August 5, 1988 |
President Oscar Arias Sanchez said Thursday that the Sandinista rulers in Nicaragua are "bad guys" who have "unmasked themselves" as anti-democratic and deserve to be punished for breaking the Central American peace agreement. In his harshest criticism of the Sandinistas, the author of the peace accord said he was prepared to urge non-military pressures on them to resume peace talks with U.S.-backed Contras and end political repression. He did not spell out any proposed sanctions.
July 31, 1988 |
President Reagan, reminding Democrats of their vice presidential nominee's past support for Contra funding, said Saturday that the Sandinistas' renewed crackdown on political dissent has created an opportunity for "a real bipartisan consensus" in support of new aid for the armed Nicaraguan opposition. In a bid to win Democrats' backing for a new Contra funding bill, Reagan, in his weekly radio address, complained that the Democrat-controlled House "removed the principal prod . . .
March 26, 1987 |
President Oscar Arias Sanchez says he is willing to change some parts of his Central American peace plan that are opposed by the Reagan Administration. The 10-point Arias proposal calls for cease-fires in Nicaragua, El Salvador and Guatemala and a cutoff of all outside aid to insurgent forces in those countries as soon as their governments start talks with unarmed opponents.
March 28, 1988 |
House Speaker Jim Wright said Sunday that it is "high time" for the United States to press the Soviet Union to cut off military aid to the Sandinistas. "I think it's something we should demand, and I think it's something that must be forthcoming," said the Texas Democrat, who suggested that President Reagan and Administration officials discuss the issue in upcoming meetings with Soviet leaders.
July 26, 1999 |
On a terrace overlooking Managua, sipping an after-dinner rum--better than brandy on a balmy tropical night--old friends reminisce, and their recollections lead to poetry. A top officer of the Central Bank and confirmed believer in free-market economics begins. Eyes moist, she recites the warning from Ruben Dario, her country's most famous poet, to Teddy Roosevelt after the fourth U.S. invasion of Nicaragua: "Be careful. Spanish America lives!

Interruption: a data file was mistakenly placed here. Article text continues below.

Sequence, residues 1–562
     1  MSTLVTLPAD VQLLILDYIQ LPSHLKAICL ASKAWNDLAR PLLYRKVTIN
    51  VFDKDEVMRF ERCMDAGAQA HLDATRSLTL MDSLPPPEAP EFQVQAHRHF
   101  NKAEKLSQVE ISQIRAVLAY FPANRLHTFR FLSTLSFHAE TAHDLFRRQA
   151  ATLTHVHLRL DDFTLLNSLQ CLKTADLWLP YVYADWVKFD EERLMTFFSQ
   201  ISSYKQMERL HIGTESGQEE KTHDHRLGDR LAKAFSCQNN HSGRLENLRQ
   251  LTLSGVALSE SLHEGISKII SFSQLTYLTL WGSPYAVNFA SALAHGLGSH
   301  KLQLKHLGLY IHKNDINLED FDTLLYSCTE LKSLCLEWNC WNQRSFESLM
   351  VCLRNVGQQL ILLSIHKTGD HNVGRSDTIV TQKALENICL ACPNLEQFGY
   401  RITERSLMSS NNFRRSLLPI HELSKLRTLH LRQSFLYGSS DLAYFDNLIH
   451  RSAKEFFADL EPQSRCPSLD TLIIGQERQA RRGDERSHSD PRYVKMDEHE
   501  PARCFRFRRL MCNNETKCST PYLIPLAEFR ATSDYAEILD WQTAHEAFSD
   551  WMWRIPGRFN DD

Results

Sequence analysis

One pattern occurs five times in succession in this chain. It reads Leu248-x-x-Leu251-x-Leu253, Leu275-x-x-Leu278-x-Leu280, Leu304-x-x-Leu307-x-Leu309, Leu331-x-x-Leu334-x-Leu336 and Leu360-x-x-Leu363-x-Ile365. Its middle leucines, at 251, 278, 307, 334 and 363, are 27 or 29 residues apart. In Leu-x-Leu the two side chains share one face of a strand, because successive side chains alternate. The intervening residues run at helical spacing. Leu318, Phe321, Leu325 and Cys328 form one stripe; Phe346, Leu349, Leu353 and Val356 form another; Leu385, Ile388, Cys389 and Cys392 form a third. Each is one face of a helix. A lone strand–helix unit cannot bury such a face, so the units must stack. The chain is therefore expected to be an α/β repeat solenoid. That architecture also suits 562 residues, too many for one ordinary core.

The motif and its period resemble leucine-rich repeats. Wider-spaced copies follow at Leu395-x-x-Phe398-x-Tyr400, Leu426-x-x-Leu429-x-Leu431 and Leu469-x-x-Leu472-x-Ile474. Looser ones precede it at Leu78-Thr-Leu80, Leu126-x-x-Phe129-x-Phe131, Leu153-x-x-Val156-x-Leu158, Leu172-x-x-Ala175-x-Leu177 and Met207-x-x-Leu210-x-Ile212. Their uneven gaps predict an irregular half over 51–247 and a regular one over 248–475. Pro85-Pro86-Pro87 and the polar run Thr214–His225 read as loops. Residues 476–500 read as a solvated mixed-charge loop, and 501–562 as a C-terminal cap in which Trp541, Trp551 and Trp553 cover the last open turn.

January 23, 1988 |
Brooklyn Rivera, a leader of Nicaragua's Indian rebels, is scheduled to head a 10-member delegation to Managua today for peace talks with the Sandinista government. Rivera said the delegates expect to negotiate with members of the nine-member Sandinista National Directorate during their weeklong stay. They also plan, he said, to visit the isolated Atlantic coast region, where the Indians have been fighting since 1981.
August 2, 1987 |
Congress' Iran- contra hearings, which once appeared likely to doom the Reagan Administration's efforts to win more aid for the Nicaraguan rebels, have instead reopened the long debate over U.S. policy toward Nicaragua and revived the contras' hopes. Administration officials, pointing to polls that show a sudden upsurge of public support for the contras, said they believe that President Reagan actually could win a major increase in aid for the rebels in the fiscal year that begins Oct.
January 15, 1987 |
A remote Honduran island in the Caribbean has reportedly become the main depot for a CIA-run military operation supplying rebels fighting to oust the Sandinista government of Nicaragua. Rebel sources and military observers, who asked that they not be further identified, said Americans are overseeing rebel supply operations on one of the Swan Islands, once a support base for the abortive CIA-backed invasion of Cuba at the Bay of Pigs.
April 11, 1987 |
U.S.-backed contra forces on Friday claimed that they shot down a Soviet-made MI-24 helicopter in combat with Sandinista government troops in Nicaragua. It was the fifth such claim from the Nicaraguan Democratic Force, the main contra army, since combat began heating up after Congress approved $100 million in U.S. military and non-lethal aid to the rebels last fall.